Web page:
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    1. I don’t blame you! I ventured out briefly to harden off the Zinnia seedlings and returned indoors sharpish. Looking at a June SoS from around this time last year it seems we had blustery winds. Freesias seem very tricky! I look forward to learning more about your projects.

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  8. There’s something compelling about Sweet Williams, perhaps memories of my dad’s garden when I was a child, but I haven’t grown them in years. I often buy a bunch when I’m in M&S Food at this time of year, but I haven’t been to a supermarket for almost 12 weeks due to Lockdown.

    Pleased to hear that taking your plant photos lifted your spirits, I find the garden is a bit lacking during this in-between time of leaving spring and entering summer, when the full summer explosion of colour is yet to happen. And a spell of bad weather doesn’t help.

    I love the soft gentle colours of Lupin Lilac Javelin – my three plants have grown well, but no sign of a flower yet.

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    1. My late father-in-law loved Sweet Williams so we grow them in his memory. They’re cheerful things and flower for ages. I hope your Lupin Lilac Javelin plants flower soon – I’ve just planted my second batch out. I’m a bit worried about where anything else will go – space seems rather lacking!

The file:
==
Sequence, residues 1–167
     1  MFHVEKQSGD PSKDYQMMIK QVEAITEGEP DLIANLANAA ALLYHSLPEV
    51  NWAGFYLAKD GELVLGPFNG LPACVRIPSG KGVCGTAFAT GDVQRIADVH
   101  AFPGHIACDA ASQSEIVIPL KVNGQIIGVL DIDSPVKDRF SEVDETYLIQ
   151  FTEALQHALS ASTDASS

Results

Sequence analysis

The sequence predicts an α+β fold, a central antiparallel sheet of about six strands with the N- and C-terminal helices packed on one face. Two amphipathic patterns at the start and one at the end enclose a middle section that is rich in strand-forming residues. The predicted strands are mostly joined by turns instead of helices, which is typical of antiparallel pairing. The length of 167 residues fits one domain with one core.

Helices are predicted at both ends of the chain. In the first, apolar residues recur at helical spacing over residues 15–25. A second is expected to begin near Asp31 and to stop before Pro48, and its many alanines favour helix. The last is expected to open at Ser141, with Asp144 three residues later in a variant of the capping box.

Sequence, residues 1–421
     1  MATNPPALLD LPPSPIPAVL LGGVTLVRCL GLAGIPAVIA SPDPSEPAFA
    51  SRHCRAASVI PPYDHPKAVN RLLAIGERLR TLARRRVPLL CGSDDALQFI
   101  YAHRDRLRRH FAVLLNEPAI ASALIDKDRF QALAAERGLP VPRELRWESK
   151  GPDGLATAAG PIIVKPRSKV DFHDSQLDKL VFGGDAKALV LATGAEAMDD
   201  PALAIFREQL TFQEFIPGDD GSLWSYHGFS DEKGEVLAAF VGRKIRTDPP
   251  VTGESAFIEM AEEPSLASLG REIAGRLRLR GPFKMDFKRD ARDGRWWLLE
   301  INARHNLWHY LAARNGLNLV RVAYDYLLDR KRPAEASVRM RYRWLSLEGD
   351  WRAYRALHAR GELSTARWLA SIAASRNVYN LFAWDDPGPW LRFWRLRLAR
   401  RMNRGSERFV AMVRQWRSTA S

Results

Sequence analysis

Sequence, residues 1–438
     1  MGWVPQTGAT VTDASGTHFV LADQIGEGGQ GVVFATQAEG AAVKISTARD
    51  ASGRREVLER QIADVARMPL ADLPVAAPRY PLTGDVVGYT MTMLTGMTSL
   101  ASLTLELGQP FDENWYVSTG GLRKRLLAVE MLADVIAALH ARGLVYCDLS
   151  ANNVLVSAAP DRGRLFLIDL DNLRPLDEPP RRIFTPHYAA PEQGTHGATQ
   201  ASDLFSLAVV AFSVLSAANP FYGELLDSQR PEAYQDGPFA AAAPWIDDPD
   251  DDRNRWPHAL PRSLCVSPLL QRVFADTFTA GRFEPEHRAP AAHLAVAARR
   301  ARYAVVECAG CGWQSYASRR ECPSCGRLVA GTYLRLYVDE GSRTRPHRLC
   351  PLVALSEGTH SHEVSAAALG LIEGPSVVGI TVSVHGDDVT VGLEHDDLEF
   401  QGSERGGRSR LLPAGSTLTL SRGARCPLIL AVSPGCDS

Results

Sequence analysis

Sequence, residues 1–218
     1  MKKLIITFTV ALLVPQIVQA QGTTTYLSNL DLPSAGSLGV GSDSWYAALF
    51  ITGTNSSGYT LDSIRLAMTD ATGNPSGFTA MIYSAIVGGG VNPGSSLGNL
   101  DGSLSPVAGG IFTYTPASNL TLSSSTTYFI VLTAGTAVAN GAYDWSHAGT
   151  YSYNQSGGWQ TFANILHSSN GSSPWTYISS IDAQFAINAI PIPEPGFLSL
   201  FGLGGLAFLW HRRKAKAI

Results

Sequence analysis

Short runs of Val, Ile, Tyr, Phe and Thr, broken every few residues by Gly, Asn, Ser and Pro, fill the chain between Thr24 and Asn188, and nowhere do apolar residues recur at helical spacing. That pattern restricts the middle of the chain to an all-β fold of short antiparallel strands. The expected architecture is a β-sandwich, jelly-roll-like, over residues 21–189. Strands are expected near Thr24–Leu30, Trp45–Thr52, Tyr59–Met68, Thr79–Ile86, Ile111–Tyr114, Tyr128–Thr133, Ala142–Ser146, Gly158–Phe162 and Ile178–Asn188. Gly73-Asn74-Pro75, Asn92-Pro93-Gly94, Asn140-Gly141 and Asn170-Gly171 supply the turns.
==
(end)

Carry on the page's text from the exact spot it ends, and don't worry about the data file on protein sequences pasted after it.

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  9. I love a freesia & really like the colour of yours. Was there a difference in the aphidy location of the mock orange as opposed to where it is now – light, soil, moisture? Hope your phil likes its new spot since the aphids don’t.

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  10. lovely, glad you forced yourself out to find 6 photos! there’s always something going on in the garden. if it’s any consolation, my onions are complete rubbish, i can’t get beans to germinate for love nor money, and i suspect the garlic will be poor too. shit, as they say, happens.

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  11. Finally catching up with everyone again. As Off the Edge says there’s nothing like doing a six to focus the mind on what is working and all the failures can be left behind. I haven’t any philedelphus in this garden but you have reminded me of the blackfly problem. The scent and flowers do make up for it though. Good to hear mojo is back 🙂
    PS My onions are small and running to seed despite my best attempts to keep them watered.